Dog breeds are flesh-and-blood echoes of our human history — living vestiges of the diverse cultures, mores and traditions that sometimes challenge our modern sensibilities. And few breed exemplify this better than the Fila Brasileiro.
At left is the first article written about the Fila Brasileiro, published in 1942 and provided courtesy of Chico Peltier. Written in the first part of the last century, it reflects attitudes about race and the breed’s slave-tracker origins that might strike a sour note to some readers. And some might argue that the breed’s fiercely protective temperament is an anachronism in today’s increasingly urban world. But only in knowing where a breed has come from can we understand where it is going.
Modern Molosser subscribers can also read Chico Peltier’s very impassioned argument against Filas that show evidence of cross-breeding. His “modest proposal” is that they should be spun off into another breed called the Brazilian Mastiff, much in the same way the modern-day Akita has been split into two breeds.
What do you think?
By João Laraya
In collaboration with the passionate breeder Benedito Faria de Camargo
Its behavior, its development and its features resemble the old Molosser more than any other breed.
To call someone “as faithful as a Fila” in Portuguese is a common way of characterizing a person’s loyalty and devotion. However, few know about the origin of this phrase, and even fewer know about the noble and superb dog breed behind it, which became a dignified example of loyalty.
The dogs arrived in Brazil many centuries ago, together with the first colonists. They were never intended to be improved, but underwent all kinds of crossbreeding. Today, their distinctive and peculiar features are being conserved in the few remaining specimens. This is very interesting, since it shows the breed’s strength, having resisted deterioration over time like no other imported breed in Brazil. These excellent watchdogs, who show blind devotion to their masters, accompanied the Bandeirantes, the Portuguese settlers and fortune hunters fighting their way through the vast land of Brazil.
Later they were used for chasing natives and to watch over the slave houses. They were also employed by the “Capitães do Mato,” who were responsible for tracing and returning runaway slaves. Still today, Filas seem to harbor distrust of people of color, which goes back to that very time. Filas do not bark much. They courageously attack humans, drag them to the ground, hold them down with their paws, and hurt them only if their quarry offers resistance. They have preserved these characteristics from the time when they were used for chasing natives and slaves, which were supposed to be caught unharmed.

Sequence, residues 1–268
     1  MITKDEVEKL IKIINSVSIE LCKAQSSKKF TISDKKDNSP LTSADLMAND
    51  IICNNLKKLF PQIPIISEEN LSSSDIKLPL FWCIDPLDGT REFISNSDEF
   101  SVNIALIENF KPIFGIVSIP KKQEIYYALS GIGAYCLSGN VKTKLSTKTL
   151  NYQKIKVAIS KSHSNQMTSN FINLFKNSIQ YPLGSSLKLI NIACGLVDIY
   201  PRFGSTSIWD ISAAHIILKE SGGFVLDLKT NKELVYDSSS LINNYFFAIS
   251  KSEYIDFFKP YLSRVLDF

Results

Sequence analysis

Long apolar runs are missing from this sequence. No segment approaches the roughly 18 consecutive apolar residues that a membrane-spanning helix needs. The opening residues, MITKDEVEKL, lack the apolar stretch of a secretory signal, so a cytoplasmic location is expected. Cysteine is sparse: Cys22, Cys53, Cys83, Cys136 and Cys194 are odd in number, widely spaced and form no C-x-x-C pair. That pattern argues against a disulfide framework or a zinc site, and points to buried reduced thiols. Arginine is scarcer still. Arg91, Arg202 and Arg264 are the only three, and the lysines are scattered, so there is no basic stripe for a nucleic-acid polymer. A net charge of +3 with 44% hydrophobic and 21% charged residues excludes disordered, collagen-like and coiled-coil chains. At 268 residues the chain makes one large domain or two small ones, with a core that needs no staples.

Farmers appreciated the Fila for how easily it learned to handle the cattle and for its stamina on long journeys.
They are also said to have been used for hunting big cats and tapirs (which I do not know much about).
During daytime, these dogs are tame, affectionate toward their families, and fond of children and domestic animals. At night, they become courageous guards that would not allow anybody to approach their masters.
Its behavior, its development and its features resemble the old Molosser more than any other breed. Despite being smaller than the Great Dane and bigger than the Bullmastiff, the Fila is more reinforced than these two.
Filas have a striking similarity to lions, or rather lionesses: a big, round head, a large chest, brawny shoulders, strong legs with enormous paws, short yellow or bay hair, the skin hanging loosely from the body, the agile and imposing cat-like gait.
The predominant color is dark bay, but there are also brindle specimens with an amber-like base color and black stripes, as well as wheaten and light bay colored specimens. The muzzle and the lips are black; the tail should be long and slightly curled.
In Brazil, where a more pronounced interest and love for dogs is becoming visible and where selecting more refined traits is being considered, following the example of more advanced countries, nothing was done for one of our local breeds, which shows such extraordinary attributes as the Fila does.
The Kennel Club has shown interest in the breed, thinking about actually buying a male and several females to initiate a more precise selection and to make the genealogical records. However, for the time being, they have not matched their actions to their words, and the time keeps passing.
Breeders even import Great Danes, Boxers and others at horrendous prices, forgetting that we have a dog like the Fila, heroically persisting, waiting for someone to free it from the ostracism in which they left it.